Systemic Racism Minute

The Columbia Monthly Meeting of the Religious Society of Friends (Quakers) stands with those wanting to be safe in their community, who should not be afraid of those who are supposed to protect and serve. Systemic racism and oppression are present in our society in too many ways to count; policing is only the most recent, egregious, visible example. We cannot have justice for all, as the Pledge of Allegiance says, until there is justice for those traditionally and systematically treated unjustly. There are more than four hundred years of racial and cultural injustice in the history of our nation “conceived in liberty and dedicated to the proposition that all men [sic] are created equal.”

Recently, there have been nationwide protests to affirm the humanity of Black people, and other people of color, in the face of racism and hatred. These protests have demonstrated a strong desire for change in our institutions. For centuries, government and corporations have oppressed and disenfranchised people of color and other minorities to serve the interests of the rich and powerful. Tacitly condoning violence, leaders hold on to their power over the downtrodden who often feel their condition is hopeless. Sadly, these feelings are supported by data; a Black man has a 1 in 1,000 chance of dying from an encounter with police, much more than a Latino or White man has, even though they are less likely to be armed. As the recent (8/20/2019) article in Science put it, this is a “non-trivial lifetime risk.”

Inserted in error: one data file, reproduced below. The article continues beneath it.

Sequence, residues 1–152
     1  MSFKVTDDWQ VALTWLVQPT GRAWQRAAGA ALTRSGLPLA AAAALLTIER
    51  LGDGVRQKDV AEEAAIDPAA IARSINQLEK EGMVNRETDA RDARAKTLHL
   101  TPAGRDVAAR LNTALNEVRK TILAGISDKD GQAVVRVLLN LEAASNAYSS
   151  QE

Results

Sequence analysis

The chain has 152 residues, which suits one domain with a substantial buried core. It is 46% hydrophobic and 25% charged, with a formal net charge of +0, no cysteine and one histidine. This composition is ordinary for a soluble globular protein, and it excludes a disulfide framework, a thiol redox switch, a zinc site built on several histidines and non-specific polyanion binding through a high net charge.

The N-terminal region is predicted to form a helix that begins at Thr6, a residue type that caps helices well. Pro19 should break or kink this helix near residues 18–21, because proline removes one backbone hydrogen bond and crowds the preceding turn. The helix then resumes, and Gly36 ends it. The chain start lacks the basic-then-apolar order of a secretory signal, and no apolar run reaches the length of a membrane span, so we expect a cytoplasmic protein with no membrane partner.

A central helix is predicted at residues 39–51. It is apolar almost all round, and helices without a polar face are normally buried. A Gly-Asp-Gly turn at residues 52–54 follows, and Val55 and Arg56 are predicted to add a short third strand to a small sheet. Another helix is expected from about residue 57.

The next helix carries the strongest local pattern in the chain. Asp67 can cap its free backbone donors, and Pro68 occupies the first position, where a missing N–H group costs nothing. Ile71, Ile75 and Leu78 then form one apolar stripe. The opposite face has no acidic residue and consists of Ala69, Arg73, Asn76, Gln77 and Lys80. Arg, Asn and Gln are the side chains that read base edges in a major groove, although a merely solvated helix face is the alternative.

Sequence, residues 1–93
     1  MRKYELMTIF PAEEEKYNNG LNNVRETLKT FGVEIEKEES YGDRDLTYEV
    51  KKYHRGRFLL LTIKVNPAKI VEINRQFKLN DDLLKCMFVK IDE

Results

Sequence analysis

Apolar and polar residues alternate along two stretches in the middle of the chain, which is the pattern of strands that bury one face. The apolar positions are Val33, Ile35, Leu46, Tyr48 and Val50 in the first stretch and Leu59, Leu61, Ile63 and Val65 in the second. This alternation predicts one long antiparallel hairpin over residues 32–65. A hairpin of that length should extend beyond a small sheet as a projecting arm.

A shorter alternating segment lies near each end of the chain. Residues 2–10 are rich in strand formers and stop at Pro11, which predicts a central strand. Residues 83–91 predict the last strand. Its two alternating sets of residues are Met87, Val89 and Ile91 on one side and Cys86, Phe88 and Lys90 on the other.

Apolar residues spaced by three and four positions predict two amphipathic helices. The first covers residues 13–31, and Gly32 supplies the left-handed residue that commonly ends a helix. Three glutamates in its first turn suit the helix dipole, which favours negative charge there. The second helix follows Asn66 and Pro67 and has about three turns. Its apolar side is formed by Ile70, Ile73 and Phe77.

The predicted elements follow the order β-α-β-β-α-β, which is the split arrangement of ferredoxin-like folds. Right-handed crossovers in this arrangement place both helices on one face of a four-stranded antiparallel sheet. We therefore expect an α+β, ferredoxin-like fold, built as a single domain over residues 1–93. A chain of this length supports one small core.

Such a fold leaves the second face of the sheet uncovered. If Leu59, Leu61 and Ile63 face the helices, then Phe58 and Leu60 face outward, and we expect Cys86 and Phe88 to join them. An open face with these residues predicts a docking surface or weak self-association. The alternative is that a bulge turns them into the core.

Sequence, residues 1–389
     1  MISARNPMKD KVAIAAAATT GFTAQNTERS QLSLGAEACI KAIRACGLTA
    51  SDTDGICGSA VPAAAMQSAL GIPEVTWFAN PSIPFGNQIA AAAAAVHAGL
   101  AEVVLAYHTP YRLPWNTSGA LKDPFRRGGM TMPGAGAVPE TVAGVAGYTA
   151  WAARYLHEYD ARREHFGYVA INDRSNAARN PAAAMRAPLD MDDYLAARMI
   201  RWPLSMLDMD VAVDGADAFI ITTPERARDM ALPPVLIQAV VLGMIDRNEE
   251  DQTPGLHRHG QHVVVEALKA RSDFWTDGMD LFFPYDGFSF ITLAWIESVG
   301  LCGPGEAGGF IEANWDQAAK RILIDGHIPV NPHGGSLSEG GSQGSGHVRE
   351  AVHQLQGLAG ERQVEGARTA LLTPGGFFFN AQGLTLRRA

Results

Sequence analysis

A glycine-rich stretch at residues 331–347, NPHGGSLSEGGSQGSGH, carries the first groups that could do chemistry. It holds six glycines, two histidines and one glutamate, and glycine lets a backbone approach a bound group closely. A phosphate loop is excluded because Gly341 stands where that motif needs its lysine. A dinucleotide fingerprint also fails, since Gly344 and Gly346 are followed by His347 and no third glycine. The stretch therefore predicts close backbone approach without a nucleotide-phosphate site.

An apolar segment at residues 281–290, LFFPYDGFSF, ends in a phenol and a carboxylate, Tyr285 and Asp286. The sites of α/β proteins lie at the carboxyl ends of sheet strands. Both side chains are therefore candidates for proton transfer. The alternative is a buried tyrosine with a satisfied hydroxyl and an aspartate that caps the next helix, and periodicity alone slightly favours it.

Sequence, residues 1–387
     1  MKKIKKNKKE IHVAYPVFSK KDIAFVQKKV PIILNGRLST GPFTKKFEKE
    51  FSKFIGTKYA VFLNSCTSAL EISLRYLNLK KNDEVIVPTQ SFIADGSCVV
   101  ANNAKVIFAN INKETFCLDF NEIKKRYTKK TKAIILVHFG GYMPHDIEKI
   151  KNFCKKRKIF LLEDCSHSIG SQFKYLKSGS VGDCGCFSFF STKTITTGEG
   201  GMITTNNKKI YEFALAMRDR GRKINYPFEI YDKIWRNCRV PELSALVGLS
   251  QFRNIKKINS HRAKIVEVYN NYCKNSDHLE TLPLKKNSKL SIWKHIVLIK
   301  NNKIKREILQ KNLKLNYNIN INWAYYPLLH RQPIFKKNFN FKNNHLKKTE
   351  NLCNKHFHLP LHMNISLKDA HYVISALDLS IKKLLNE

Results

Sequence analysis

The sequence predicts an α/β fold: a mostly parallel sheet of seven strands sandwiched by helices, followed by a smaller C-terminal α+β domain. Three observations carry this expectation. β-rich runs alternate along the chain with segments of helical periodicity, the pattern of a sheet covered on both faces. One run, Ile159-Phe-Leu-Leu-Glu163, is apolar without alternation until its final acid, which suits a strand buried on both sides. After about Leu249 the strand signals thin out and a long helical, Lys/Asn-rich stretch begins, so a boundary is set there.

We must seek to understand and strive to unravel, the systematic racism prevalent in our society. We have not suddenly arrived at a crisis, but we are at a crossroads. Saying nothing accomplishes nothing; it is no different from police officers watching a colleague take a life and saying nothing. In Quaker terms, it is high time we all spoke truth to power.

It is not the time for despair or inaction; it is the time for actively promoting change. We must become vocal to help end oppression. As Tommie Smith, Olympic 200-meter gold medalist at Mexico City in 1968, recently was quoted, “Keep believing and keep working on community. It takes dedication to muster up the power to move forward.”